Sher soon left the Mughul service and came back to Bihar to become again its deputy governor and guardian of his former pupil, Jalal Khan. While the minor king remained as the nominal ruler of Bihar, Sher became the virtual head of its government. In the course of four years he won over the greater part of the army to his cause and "elevated himself to a state of complete independence". Meanwhile, the fortress of Chunar, luckily came into his possession. Taj Khan, the Lord of Chunar, was killed by his eldest son, who had risen against his father for his infatuation with a younger wife, Lad Malika. This widow, however, married Sher Khan and gave him the fortress of Chunar. Humayun besieged Chunar in 1531, but Sher Khan had taken no part in the Afghan rising of that year and saved his position by a timely submission to the Mughul invader. The rapid and unexpected rise of Sher at the expense of the Lohani Afghans made the latter, and even Jalal Khan, impatient of his control. They tried to get rid of this dictator. The attempt, however, failed owing to his "unusual circumspection". They then entered into an alliance (Sept., 1533) with Mahmud Shah, the King of Bengal, who was naturally eager to check the rise of Sher, which prejudiced his own prestige and power. But the brave Afghan deputy inflicted a defeat on the allied troops of the Bengal Sultan and the Lohanis at Surajgarh, on the banks of the Kiul river, east of the town of Bihar (1534). The victory at Surajgarh was indeed a turning-point in the career of Sher. "Great as it was as a military achievement, it was greater in its far-reaching political result... But for the victory at Surajgarh, the jagirdar of Sasaram would never have emerged from his obscurity into the arena of politics to run, in spite of himself, a race for the Empire with hereditary crowned heads like Bahadur Shah and Humayun Padshah." It made him the undisputed ruler of Bihar in fact as well as in name.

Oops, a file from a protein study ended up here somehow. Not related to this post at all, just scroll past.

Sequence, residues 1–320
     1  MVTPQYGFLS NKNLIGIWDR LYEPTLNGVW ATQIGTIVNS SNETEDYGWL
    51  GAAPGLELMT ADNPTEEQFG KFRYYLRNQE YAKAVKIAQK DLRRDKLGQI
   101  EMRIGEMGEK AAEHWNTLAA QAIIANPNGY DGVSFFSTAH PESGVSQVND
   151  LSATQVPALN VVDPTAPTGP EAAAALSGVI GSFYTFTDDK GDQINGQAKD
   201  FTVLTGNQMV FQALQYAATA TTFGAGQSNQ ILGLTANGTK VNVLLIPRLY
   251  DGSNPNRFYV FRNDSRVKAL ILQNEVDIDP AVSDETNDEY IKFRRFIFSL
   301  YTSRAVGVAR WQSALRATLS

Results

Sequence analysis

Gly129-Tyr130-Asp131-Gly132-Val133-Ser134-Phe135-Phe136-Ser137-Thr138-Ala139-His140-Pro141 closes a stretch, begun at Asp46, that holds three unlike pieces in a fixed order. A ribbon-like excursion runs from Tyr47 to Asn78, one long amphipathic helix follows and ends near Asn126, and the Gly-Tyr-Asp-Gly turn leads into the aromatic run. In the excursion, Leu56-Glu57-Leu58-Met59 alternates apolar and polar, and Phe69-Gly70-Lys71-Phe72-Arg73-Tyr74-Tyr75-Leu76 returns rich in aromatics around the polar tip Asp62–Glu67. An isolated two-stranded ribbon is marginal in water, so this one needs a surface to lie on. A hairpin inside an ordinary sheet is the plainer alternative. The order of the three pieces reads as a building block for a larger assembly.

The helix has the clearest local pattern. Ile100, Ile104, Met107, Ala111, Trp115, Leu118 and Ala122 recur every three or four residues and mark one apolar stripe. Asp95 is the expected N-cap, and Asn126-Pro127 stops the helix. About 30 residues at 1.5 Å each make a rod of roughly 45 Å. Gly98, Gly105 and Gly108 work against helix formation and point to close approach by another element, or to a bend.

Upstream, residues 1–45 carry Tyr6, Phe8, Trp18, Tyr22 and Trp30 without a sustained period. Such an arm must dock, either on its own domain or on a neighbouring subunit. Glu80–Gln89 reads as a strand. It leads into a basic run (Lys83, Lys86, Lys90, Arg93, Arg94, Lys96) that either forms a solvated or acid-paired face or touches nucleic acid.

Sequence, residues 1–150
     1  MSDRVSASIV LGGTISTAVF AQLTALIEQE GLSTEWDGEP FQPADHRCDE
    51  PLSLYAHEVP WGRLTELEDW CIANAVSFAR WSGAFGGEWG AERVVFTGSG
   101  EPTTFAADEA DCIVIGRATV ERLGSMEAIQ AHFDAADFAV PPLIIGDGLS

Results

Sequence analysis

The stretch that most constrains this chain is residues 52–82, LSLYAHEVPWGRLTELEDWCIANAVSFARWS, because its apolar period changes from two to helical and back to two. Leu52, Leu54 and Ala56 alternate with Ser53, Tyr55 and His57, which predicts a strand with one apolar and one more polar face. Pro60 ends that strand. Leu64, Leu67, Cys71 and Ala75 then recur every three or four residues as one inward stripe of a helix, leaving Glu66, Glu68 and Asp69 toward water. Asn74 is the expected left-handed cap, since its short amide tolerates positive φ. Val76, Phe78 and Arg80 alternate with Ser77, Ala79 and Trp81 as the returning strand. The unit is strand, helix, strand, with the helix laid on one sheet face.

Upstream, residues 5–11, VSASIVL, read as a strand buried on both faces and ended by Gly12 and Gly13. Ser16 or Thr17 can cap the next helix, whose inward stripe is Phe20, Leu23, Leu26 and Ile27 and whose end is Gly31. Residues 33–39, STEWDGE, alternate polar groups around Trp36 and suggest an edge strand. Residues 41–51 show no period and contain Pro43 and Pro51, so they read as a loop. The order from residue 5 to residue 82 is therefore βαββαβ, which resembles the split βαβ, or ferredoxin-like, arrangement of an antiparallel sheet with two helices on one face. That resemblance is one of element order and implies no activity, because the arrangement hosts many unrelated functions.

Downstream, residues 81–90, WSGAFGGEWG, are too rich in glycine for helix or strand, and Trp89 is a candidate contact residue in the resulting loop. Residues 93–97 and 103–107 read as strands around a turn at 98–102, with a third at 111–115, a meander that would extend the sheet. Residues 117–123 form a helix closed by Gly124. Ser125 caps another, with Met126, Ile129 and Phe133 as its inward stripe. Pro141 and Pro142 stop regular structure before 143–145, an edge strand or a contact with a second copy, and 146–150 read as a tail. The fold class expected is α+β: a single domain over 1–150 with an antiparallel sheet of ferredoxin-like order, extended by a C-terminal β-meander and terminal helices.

Sher had an opportunity to increase his power when Humayun marched against Bahadur Shah of Gujarat. He suddenly invaded Bengal and appeared before its capital, Gaur, not by the usual route through the Taliagarhi passes (near modern Sahebganj on the E.I. Ry. Loop line), but by another unfrequented and less circuitous one. Mahmud Shah, the weak ruler of Bengal, without making any serious attempt to oppose the Afghan invader, concluded peace with him by paying him a large sum, amounting to thirteen lacs of gold pieces, and by ceding to him a territory extending from Kiul to Sakrigali, ninety miles in length with a breadth of thirty miles. These fresh acquisitions considerably enhanced Sher's power and prestige, and, after the expulsion of Bahadur Shah of Gujarat to Diu, many of the distinguished Afghan nobles joined their rising leader in the east. Thus strengthened, Sher again invaded Bengal about the middle of October, 1537, with a view to conquering it permanently, and closely besieged the city of Gaur. Humayun, who on his way back from Gujarat and Malwa had been wasting his time at Agra, in his usual fashion, realized the gravity of the Afghan menace in the east rather too late and marched to oppose Sher Khan in the second week of December, 1537. But instead of proceeding straight to Gaur, by which he could have frustrated the designs of Sher Khan in alliance with the Sultan of Bengal, he besieged Chunar. The brave garrison of Sher Khan at Chunar baffled all the attempts of the assailants for six months, while Sher Khan was left free to utilize that time for the reduction of Gaur by April, 1538. Sher Khan had also captured the fortress of Rohtas by questionable means and had sent his family and wealth there. Baffled in Bihar, Humayun turned towards Bengal and entered Gaur in July, 1538. But Sher Khan, cleverly avoiding any open contest with him in Bengal, went to occupy the Mughul territories in Bihar and Jaunpur and plunder the tract as far west as kanauj.